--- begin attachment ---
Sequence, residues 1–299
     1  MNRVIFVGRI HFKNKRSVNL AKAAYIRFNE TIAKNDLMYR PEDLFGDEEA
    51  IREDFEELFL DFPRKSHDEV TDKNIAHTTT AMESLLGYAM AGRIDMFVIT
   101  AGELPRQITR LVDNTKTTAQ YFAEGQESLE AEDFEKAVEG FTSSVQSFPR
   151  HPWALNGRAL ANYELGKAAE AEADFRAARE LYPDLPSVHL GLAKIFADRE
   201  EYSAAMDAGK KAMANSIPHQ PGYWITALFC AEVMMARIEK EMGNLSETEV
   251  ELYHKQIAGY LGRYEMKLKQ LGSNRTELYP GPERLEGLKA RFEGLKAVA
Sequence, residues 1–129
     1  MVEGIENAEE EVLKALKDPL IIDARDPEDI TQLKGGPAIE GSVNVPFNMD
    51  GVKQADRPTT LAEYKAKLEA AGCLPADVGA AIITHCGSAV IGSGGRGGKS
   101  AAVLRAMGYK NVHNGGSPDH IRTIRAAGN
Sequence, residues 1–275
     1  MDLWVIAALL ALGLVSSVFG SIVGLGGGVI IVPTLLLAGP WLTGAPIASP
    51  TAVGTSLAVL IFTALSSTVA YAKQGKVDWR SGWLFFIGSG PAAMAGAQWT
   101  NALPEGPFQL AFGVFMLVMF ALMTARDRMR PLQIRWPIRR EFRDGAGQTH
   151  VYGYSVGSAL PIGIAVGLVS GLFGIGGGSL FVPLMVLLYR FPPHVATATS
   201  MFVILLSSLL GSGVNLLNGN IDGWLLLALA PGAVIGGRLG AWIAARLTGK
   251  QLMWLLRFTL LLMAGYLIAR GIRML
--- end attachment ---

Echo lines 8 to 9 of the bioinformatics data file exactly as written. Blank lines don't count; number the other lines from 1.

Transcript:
Sequence, residues 1–129
     1  MVEGIENAEE EVLKALKDPL IIDARDPEDI TQLKGGPAIE GSVNVPFNMD